Euro rallies on Draghi comments, German data
The euro ended the week on a high note as market participants reacted to the latest round of economic data from Germany, the currency region’s largest member-state.
Germany’s Ifo survey, which monitors the business outlook of 7,000 executives in private industry, reached the highest level in more than a year. Expectations concerning business developments climbed to the highest level since spring 2011, as firms expressed greater confidence in the German economy ahead of the holiday season.
Confidence was high despite the broad slowdown in economic activity during the third quarter. Germany’s GDP expanded 0.3 percent in the three months to September, compared to 0.7 percent the previous quarter.
The euro was also supported by European Central Bank President Mario Draghi, who downplayed reports the central bank was activity considering negative deposit rates. In a speech to the Banking Congress in Franfurt, Germany, Draghi stressed the importance of low interest rates, without acknowledging the need for more drastic measures.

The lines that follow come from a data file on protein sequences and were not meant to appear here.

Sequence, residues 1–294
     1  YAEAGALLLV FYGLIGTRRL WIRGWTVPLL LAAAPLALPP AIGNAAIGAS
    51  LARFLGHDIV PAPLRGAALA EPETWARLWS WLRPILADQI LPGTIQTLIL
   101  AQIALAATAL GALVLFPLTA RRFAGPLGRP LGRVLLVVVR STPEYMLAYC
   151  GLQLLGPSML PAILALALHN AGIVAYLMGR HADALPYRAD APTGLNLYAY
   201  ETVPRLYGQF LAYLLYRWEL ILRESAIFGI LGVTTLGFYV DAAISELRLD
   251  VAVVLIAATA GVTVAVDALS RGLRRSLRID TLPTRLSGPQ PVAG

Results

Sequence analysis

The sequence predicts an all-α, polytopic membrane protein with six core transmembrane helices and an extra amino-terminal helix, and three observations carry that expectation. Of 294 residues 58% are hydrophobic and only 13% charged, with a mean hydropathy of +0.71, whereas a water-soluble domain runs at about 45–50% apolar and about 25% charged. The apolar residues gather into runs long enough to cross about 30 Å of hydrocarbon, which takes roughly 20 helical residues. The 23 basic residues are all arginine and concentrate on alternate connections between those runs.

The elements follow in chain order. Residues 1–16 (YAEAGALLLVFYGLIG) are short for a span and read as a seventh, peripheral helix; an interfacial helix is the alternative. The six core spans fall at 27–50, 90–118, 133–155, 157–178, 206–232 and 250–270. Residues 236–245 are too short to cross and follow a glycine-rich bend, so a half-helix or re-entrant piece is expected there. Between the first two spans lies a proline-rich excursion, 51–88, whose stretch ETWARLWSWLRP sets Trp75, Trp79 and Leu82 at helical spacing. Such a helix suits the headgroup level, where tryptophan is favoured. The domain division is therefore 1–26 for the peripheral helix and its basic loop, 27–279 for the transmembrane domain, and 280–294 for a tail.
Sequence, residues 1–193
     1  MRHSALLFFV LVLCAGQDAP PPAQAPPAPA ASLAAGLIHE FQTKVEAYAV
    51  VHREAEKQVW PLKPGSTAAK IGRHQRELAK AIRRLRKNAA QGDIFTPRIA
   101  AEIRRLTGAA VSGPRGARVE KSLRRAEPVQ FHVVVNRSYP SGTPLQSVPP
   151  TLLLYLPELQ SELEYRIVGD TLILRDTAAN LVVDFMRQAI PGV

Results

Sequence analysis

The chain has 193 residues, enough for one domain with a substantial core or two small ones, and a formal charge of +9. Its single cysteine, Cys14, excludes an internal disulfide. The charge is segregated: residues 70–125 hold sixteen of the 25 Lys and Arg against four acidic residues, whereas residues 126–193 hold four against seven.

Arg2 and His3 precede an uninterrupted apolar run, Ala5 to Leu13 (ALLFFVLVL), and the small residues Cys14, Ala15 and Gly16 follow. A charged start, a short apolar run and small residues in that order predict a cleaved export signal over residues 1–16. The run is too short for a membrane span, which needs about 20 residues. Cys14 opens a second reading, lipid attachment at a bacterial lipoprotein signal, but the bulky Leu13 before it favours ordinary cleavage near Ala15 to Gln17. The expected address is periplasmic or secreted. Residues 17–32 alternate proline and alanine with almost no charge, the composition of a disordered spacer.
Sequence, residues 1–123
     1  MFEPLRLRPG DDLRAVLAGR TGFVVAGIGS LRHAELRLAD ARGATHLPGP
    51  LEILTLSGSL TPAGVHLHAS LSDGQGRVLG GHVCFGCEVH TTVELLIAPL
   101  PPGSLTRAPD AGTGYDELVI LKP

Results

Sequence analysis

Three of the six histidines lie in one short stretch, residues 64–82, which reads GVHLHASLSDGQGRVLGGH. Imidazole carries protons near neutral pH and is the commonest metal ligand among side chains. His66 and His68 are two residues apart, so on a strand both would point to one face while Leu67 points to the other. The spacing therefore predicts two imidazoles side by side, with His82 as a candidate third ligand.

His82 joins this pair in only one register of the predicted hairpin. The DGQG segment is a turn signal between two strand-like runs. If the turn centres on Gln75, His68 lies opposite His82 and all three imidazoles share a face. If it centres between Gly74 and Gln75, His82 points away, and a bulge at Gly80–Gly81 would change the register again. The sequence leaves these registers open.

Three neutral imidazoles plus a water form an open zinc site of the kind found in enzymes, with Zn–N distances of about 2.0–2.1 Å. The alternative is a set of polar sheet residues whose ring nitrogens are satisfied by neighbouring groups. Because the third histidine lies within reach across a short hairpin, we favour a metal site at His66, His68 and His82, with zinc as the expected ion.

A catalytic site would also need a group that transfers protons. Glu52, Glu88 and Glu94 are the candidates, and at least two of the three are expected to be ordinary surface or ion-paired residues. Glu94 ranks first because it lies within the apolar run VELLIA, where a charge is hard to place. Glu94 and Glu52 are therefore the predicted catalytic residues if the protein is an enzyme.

“I understand the concerns about a prolonged period of low returns on savings, But it is important to understand that interest rates are low because the economy is weak,” Draghi said.
The ECB slashed its benchmark lending rate in half earlier this month in an effort to combat the slowest pace of inflation growth in four years. Earlier this week signs emerged the ECB was willing to set its deposit rate at -0.1 percent.
The euro advanced 36 pips to 0.8359 against the British pound, after hitting a two-month low against its European rival earlier in the week. The euro made a strong advance against the US dollar, gaining 70 pips to 1.3550. The EURUSD retraced its previous losses, which were triggered by speculation about negative deposit rates.
The US dollar was mostly idle, but remained well bid against most of its major peers. The US dollar index fell more than 0.4 percent to 80.73.
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